I hope that you'll share your thoughts, too, readers.

Sunday, November 24, 2013

Gen Silent: Watch for free by 1/1/14

Please make time to watch Gen Silent. The producers of this LGBT Aging documentary have made it available free for home streaming through New Years Day 2014.

Gay, Lesbian, Bisexual and Transgender older people who fought the first battles for equality now face so much fear of discrimination, bullying and abuse that many are hiding their lives to survive. Thousands are dying earlier than their straight counterparts because they are isolated and afraid to ask for help. But a growing number of people are fighting to keep LGBT aging from meaning aging in silence. 

"LGBT elders are going back in the closet."
"In the first nursing home, we weren't welcomed there as a gay couple."
"They [caregivers] didn't want to touch my body."
"You just know when they don't want you there. When you feel they don't want you, you're in a state of stress."
"All I can do is sit in shadows, holding his tissue-paper hand, watching him breathe."

These are comments from LGBT elders speaking out about the prejudice, hostility, and fear they face. No, not just when they were young, but now -- in long-term care facilities, from caregivers, and from medical providers.

KrysAnne, a transgender woman, is living alone at the end of her life. "Most people who transition expect losses, but I didn't expect to lose everyone," she says. "For two years, I desperately tried to connect with my family. In some cases the letters weren't even opened."

One letter that was returned contained the message, "So glad someone finally took off your balls. What do you call yourself now. FREAK or IT??"

Thank you, filmmaker Stu Maddux, for making this stunning documentary and for providing it for free streaming right now. I'm not permitted to embed the video here, so please click here to watch it.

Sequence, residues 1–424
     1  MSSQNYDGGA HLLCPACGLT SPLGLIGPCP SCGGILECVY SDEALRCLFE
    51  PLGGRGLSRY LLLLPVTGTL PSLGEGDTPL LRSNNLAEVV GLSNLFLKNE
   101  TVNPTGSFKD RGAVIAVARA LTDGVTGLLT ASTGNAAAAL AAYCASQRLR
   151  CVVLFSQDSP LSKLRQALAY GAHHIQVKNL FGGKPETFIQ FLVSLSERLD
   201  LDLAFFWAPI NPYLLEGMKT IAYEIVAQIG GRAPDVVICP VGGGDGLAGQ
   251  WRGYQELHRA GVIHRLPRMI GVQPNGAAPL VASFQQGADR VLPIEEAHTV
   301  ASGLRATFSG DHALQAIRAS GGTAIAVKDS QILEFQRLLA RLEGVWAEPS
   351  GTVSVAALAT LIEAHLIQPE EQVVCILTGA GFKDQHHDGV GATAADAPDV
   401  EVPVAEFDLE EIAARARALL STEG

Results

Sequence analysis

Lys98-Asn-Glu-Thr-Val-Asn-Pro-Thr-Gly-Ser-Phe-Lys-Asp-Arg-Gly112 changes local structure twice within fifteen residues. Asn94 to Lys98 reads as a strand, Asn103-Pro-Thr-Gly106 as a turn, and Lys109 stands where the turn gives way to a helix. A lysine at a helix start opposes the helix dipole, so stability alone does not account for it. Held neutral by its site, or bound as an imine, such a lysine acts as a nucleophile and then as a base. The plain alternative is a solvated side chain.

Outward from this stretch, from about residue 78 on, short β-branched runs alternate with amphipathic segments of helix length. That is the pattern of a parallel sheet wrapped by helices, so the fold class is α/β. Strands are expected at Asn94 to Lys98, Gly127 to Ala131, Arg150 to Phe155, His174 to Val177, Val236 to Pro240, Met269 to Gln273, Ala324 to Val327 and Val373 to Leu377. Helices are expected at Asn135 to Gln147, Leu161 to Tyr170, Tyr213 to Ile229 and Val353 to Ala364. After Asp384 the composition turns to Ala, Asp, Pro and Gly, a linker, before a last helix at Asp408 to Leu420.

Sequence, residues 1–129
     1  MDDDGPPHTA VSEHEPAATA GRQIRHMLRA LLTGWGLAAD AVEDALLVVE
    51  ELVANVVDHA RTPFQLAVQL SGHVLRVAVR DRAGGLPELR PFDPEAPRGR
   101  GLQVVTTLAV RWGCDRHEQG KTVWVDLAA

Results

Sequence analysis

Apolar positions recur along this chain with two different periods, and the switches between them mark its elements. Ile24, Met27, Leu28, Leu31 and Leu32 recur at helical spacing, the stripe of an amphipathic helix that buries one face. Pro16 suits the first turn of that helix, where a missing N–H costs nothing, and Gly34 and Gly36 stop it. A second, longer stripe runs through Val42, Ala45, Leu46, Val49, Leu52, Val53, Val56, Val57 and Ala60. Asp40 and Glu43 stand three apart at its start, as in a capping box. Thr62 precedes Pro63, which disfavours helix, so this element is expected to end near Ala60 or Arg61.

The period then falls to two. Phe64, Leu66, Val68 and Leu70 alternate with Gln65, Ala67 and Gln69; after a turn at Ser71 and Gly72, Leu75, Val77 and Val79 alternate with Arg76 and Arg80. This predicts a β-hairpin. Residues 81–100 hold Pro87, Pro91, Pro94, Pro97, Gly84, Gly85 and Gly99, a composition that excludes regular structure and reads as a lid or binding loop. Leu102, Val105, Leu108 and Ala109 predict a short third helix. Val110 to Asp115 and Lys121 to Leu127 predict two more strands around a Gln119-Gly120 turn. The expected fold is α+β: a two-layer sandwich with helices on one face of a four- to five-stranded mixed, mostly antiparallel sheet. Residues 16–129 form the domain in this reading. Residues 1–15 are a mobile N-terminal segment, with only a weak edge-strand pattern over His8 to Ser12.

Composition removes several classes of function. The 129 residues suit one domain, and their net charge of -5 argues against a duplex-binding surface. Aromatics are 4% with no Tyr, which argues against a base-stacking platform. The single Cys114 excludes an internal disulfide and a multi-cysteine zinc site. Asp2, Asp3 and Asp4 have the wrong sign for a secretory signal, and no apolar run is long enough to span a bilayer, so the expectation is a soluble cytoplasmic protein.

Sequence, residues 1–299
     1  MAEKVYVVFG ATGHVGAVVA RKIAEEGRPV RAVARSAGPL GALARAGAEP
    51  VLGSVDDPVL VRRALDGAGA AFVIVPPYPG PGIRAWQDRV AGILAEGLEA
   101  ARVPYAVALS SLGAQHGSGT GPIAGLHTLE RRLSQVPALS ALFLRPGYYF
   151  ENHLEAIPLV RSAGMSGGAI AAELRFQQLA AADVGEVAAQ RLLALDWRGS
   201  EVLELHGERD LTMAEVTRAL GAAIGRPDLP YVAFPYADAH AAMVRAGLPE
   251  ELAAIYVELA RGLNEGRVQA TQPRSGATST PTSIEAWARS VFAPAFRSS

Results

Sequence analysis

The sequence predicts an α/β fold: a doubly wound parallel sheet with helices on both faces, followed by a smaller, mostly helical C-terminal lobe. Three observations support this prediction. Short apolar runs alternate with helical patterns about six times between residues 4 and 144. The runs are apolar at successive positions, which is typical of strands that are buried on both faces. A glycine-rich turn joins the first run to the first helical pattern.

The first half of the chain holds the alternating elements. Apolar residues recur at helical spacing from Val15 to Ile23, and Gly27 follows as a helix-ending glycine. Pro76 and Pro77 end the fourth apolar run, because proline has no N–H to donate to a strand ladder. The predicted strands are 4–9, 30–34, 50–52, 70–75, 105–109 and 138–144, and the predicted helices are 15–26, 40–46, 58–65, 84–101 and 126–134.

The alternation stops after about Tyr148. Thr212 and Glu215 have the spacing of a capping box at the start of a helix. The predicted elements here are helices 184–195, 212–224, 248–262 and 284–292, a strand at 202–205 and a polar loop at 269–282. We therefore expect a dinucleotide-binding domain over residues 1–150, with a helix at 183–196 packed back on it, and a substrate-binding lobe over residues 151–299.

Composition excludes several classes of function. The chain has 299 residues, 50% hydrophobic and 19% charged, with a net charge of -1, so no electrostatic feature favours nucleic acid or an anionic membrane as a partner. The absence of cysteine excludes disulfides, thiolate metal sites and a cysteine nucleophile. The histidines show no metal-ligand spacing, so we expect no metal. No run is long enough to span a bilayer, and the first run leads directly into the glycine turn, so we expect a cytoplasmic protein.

I am permitted to embed the trailer:

After you watch the film, I hope you'll contribute your comments. (By posting here, you're giving me permission to use excerpts from your comments in my new book, The Ultimate Guide to Sex after Fifty, without identifying you in any way.)

Thursday, November 14, 2013

What do you want in a sex toy? Serious question to Boomers, seniors, elders

Sex toy manufacturers and retailers are aware that we Boomers, seniors, and elders use sex toys and are often frustrated when we buy products that don't fit our needs or wants.
You may not realize that many of those manufacturers and retailers follow this blog. They are eager to know what we want, exactly. They want to understand us. And of course, they want to make and sell products that appeal to us and keep us very happy.

Let's help them out. If you're over 50, I invite you to comment on this post and describe the kind of sex toy you wish you could find. (If you think you already read this post, I've updated it and added more.)

Here are some ideas to start you out. Many of us want these qualities:

  • Strong intensity.(Our king is the Hitachi Magic Wand.)
  • Vibrations last a long time without losing the charge.
  • Long-lasting product -- does not break or die.
  • High quality, body-safe materials, accurately described. (Don't tell us it's silicone if it's not.)
  • Materials and construction that doesn't pinch, pound, or scratch delicate tissues.
  • Instructions we can read without a magnifying glass. Or better, make the instructions truly intuitive.
  • Handles and controls that we can use with fingers slippery from lubricant.
  • Dimensions provided in your retail description. 
  • If insertable, slim version available (under 1.5" diameter).
  • Ergonomic -- don't make our arthritic wrists hurt.

Your turn -- take it from here! What do you look for? What problems do you try to avoid? What should sex toy manufacturers and retailers know about how to serve you best? Here's your chance to tell them.